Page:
According to Dawn Cook, vice president of institutional advancement at WGTC, the current credit enrollment is 6,665 students, a decrease from just more than 7,400 last fall.
Last year was the first drop in enrollment at WGTC in three years.
Mike Light, executive director of communications for the Technical College System of Georgia, said the system as a whole has seen a 5 percent decrease in credit enrollment and listed two possible explanations for why the drops are occurring.
Light cited the overhaul of the HOPE scholarship by the Georgia Legislature last year, which also affected last year’s enrollment numbers.
“Given the tough economy and the number of our students affected by the economy and looking to find a new career, it’s difficult to find the money,” Light said. “Seventy-five percent of our students systemwide received HOPE through the HOPE grant. The changes to the grant had an effect on our students.”
The changes reduced the amount of funds a student can receive from HOPE to $60 per credit hour. The standard cost for a credit hour remained at $75, leaving students to cover the remainder themselves. For students taking on full-time enrollment, the added cost amounts to around $200, not including books or fees.
Light also attributed the decrease to the recovering economy, saying many potential students are choosing to go to work now that there are more jobs available.
“Technical colleges serve as a pretty good barometer for the national economy,” Light said. “When the economy sours, our enrollment numbers go up. When it starts to recover, people start to go back to work.”
Another thing to consider, Light said, is that at some point after three years of enrollment increases, the numbers were bound to level off. He said that since 2008 the number of people in Georgia attending a technical college was around 145,000. Two years ago, the number had increased to 191,000. Most technical colleges began to see increases as the economy faltered and prided themselves on their ability to teach Georgians skills to improve their chances of finding work.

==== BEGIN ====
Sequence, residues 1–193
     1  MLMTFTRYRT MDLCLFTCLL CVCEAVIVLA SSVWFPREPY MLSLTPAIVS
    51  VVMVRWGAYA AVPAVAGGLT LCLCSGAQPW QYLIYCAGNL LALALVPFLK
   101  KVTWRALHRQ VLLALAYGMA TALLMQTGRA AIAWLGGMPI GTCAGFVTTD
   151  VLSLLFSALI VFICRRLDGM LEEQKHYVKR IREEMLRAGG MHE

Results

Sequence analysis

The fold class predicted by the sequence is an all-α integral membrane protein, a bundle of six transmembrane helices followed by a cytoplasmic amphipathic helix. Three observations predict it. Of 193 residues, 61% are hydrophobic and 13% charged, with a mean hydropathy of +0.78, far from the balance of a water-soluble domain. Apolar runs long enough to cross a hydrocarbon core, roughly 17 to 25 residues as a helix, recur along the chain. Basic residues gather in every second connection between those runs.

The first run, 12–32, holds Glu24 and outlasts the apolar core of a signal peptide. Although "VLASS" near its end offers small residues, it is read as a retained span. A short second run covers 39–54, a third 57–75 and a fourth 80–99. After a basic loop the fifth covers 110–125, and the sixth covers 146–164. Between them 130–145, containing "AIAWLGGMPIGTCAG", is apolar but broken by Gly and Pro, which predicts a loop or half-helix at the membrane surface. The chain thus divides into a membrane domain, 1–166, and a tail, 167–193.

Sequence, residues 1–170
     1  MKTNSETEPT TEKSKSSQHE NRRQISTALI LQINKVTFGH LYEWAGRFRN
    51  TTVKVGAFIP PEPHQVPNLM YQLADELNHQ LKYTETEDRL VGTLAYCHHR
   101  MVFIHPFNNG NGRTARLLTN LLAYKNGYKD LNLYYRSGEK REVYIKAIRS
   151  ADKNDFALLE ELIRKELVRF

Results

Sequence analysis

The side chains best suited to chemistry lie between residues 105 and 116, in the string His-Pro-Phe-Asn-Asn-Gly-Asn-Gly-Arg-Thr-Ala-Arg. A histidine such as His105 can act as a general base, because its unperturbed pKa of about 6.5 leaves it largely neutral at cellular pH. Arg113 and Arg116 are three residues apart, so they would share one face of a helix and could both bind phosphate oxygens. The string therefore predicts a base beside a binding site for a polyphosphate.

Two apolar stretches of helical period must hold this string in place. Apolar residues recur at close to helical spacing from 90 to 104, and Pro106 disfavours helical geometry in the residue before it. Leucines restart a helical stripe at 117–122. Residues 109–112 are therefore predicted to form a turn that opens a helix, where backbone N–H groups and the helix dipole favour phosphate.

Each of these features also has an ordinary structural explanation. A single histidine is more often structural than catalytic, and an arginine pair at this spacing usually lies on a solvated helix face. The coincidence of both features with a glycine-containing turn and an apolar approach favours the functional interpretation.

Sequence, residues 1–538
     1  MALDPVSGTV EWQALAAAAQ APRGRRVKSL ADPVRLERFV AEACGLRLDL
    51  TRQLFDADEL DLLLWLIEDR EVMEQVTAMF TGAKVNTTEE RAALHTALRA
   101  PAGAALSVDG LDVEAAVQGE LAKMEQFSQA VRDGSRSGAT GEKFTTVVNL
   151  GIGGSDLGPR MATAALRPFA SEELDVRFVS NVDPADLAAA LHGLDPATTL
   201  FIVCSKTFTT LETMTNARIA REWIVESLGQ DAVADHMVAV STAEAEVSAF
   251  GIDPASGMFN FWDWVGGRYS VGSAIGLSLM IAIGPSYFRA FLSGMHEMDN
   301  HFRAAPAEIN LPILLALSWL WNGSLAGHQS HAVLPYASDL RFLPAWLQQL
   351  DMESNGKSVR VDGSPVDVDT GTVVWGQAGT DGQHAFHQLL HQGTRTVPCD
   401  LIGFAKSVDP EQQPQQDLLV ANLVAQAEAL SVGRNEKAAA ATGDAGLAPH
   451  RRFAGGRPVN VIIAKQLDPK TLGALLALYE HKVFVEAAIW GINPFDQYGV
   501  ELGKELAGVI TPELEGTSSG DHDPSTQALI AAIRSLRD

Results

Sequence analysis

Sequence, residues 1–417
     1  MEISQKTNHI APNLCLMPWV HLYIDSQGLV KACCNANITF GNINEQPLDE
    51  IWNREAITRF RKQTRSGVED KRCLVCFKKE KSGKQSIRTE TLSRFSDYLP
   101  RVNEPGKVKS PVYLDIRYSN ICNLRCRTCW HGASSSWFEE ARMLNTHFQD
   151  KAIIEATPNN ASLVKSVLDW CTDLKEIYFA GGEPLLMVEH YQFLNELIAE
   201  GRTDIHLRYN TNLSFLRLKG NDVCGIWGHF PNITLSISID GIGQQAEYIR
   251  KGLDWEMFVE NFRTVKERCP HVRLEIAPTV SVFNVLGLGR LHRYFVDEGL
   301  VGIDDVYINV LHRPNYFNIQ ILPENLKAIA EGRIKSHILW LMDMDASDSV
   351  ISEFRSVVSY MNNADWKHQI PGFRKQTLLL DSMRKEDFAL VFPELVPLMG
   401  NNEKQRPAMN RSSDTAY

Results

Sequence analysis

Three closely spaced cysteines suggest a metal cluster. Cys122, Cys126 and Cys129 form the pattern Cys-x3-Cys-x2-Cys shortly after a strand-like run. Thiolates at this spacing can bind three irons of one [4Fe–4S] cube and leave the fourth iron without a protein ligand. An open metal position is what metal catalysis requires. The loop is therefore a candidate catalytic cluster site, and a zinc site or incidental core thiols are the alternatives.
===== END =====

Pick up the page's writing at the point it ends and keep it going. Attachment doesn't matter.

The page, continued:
Beyond looking for a skill, Cook said, students at WGTC were looking to expand upon the knowledge they already had.
“Students are coming back to school to learn a skill so they will be employable,” she said. “Others have adjusted to the semester system and are taking more classes.”
Cook said online classes have also seen increased enrollment.
Light said that in the years that enrollment has been increasing, more than 100,000 students have graduated, and the Technical College System boasts high job placement for its graduates.
Light said the Technical College System has been encouraging its students to increase their course load to complete more courses before the first checkpoint under the HOPE grant change is met.
“One of the changes to HOPE was that never before the students on the grant had to get a 3.0 GPA. Most of our students are looking to finish course work before those rules kick in,” he said. “Our students may even be trying, because of the less HOPE money there, taking a full course load to get the full federal Pell grant. Our technical colleges let students know there’s other forms of financial aid — low-interest loans, local scholarships — they’ve done a good job of letting students know what’s available besides HOPE.”
Later in the semester, Light said, the plan is to reach out to students who have not returned to technical colleges for the current semester and putting numbers to the theories.
Despite its enrollment losses, West Georgia Technical College remains the second largest technical college in the state, with campuses in five counties. WGTC also has 1,370 enrolled in its adult education program.